— Dyer Oxley

Perfect time to schedule vaccine appointment in Seattle

8 a.m. — Right now is the perfect time to schedule an appointment for a vaccine in Seattle.

Mayor Jenny Durkan's Office is noting that there are more than 16,000 open appointments at city-run sites. At the same time, Seattle is getting the largest allotment of doses this week — 52,000. That adds up to better conditions for getting a shot than in the past.

The Rainier Beach and West Seattle sites are taking walk-ups for people 60 and older. And if you bring someone in for their shot, you can get your shot on the spot. That's part of the city's Good Neighbor program.

Also, a new mass vaccination clinic at the Tacoma Dome opens Tuesday. The latest numbers, as of Tuesday morning, show that about half of the available daily appointments were still open at the site. The goal is to administer up to 1,200 shots per day. Both walk up and drive thru appointments are available at the Tacoma Dome.

— Angela King

MONDAY, APRIL 26

Mass vaccination clinic opening at Tacoma Dome this week

11 a.m. — The Pierce County Department of Emergency Management getting ready to host a new mass Covid vaccination clinic at the Tacoma Dome.

It starts Tuesday and will be open seven days a week between noon and 8 p.m. for six weeks.

Recipients will get the Pfizer vaccine which has been approved for people 16 and older.

— Angela King

Bellingham considers pandemic hazard pay

10 a.m. — The Bellingham City Council will become the latest to discuss mandatory hazard pay for some frontline grocery workers at its Monday meeting.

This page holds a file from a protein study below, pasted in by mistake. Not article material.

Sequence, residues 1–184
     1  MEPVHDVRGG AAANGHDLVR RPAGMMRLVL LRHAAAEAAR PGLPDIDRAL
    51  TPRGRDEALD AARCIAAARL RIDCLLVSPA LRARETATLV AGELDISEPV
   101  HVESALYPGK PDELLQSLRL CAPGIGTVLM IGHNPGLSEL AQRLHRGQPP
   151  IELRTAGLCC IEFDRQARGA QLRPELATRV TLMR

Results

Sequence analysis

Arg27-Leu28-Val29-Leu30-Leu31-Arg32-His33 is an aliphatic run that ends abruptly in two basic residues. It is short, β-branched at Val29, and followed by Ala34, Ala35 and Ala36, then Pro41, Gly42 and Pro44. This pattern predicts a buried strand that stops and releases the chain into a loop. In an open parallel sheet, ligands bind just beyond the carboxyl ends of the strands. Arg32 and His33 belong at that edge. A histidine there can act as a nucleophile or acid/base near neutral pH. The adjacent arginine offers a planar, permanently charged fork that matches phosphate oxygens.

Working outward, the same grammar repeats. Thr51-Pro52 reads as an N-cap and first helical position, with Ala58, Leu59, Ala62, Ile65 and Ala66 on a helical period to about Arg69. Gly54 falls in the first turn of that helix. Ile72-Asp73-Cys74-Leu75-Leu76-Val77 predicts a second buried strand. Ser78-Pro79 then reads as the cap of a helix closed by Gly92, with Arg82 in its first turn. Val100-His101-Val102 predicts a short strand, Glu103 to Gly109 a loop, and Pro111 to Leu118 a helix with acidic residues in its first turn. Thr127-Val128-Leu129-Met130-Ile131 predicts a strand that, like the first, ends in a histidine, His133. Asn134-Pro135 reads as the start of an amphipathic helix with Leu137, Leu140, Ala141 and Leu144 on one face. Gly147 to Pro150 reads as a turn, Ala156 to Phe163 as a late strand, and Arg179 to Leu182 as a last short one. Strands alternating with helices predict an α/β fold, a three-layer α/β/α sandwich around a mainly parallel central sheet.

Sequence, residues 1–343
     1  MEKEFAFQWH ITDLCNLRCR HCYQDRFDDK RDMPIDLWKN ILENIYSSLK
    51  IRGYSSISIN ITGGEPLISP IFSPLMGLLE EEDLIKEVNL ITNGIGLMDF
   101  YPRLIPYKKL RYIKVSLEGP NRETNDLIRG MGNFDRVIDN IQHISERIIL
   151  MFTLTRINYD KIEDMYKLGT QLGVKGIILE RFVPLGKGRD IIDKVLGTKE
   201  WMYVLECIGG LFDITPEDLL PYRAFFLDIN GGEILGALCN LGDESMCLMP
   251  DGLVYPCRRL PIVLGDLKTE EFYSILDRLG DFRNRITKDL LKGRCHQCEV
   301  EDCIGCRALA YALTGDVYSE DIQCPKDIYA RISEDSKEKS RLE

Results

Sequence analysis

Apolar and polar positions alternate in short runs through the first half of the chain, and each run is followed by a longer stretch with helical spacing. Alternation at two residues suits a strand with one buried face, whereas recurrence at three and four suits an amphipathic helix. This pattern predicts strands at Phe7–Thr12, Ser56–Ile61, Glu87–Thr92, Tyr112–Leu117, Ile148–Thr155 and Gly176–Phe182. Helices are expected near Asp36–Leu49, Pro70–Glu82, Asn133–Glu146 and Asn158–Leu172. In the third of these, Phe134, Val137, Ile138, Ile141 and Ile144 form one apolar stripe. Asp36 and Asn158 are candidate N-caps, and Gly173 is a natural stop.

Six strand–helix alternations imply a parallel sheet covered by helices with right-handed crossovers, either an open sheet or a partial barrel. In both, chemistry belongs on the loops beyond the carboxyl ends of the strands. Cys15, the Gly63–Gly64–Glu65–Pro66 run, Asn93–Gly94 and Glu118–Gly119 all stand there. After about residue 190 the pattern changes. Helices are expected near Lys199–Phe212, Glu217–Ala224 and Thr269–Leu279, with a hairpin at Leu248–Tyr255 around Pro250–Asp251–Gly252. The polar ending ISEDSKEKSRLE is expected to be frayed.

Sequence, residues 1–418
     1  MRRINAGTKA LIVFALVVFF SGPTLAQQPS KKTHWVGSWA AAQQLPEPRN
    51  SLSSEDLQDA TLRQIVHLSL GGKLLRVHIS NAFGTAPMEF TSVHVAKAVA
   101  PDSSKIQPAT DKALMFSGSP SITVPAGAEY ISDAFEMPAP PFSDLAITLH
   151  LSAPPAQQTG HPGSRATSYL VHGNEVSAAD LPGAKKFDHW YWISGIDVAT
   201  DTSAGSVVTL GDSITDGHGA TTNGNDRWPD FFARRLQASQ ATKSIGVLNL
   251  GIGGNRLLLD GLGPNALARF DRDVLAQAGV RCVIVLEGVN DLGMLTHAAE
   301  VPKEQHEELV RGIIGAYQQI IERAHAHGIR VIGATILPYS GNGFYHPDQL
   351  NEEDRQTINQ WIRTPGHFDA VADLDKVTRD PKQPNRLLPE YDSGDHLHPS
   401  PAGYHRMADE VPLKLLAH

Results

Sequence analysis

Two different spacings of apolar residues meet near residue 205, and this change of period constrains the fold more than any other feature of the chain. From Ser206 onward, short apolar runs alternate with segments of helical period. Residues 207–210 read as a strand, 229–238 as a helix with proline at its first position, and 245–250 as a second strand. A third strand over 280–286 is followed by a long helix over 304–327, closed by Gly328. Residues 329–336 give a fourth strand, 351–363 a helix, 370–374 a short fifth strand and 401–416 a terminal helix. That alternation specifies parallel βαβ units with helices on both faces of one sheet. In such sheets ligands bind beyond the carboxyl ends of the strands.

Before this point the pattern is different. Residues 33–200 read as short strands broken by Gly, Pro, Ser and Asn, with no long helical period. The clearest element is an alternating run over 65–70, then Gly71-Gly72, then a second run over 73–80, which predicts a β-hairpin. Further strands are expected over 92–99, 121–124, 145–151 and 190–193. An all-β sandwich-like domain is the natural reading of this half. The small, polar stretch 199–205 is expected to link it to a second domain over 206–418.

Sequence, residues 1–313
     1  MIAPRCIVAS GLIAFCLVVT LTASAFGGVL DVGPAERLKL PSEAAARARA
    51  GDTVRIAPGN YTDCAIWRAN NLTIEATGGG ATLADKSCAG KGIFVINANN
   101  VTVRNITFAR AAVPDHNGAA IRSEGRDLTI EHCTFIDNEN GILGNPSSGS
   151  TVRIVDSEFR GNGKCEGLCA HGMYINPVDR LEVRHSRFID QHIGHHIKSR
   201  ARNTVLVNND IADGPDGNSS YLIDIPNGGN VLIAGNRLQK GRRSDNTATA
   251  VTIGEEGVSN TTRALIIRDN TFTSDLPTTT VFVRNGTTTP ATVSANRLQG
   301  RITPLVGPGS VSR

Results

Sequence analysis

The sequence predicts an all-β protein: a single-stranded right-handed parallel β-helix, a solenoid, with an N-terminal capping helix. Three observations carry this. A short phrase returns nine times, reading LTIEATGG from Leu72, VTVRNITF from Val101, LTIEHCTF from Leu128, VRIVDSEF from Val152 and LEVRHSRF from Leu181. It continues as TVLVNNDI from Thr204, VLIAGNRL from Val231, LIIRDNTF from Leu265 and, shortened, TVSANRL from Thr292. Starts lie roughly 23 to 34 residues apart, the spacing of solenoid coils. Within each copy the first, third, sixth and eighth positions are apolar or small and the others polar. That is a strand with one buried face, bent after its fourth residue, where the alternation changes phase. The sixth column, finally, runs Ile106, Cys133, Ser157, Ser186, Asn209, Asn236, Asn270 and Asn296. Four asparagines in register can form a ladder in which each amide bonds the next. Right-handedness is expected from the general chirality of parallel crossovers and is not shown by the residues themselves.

Members are going to hold a public hearing to discuss a proposed $4 an hour increase.

Places like King County have already passed similar measures. The issue will also be up for a vote in Pierce County next month.

— Angela King

Johnson & Johnson vaccine reauthorized a

caption: Pharmacy manager Srawan K Thodupunoori draws out individual doses of the Johnson & Johnson vaccine on Monday, March 22, 2021, for employee Covid-19 vaccinations at the Safeway Distribution Center in Auburn. KUOW Photo/Megan Farmer
Enlarge Icon
Pharmacy manager Srawan K Thodupunoori draws out individual doses of the Johnson & Johnson vaccine on Monday, March 22, 2021, for employee Covid-19 vaccinations at the Safeway Distribution Center in Auburn. KUOW Photo/Megan Farmer
Credit: KUOW Photo/Megan Farmer

8 a.m. — Governor Jay Inslee has re-authorized the use of the Johnson & Johnson Covid vaccine in Washington state.

The announcement came over the weekend, one day after federal health officials lifted the nationwide pause on the vaccine.

That pause came in response to a rare blood clotting condition discovered in 15 of recipients (out of more than 7 million).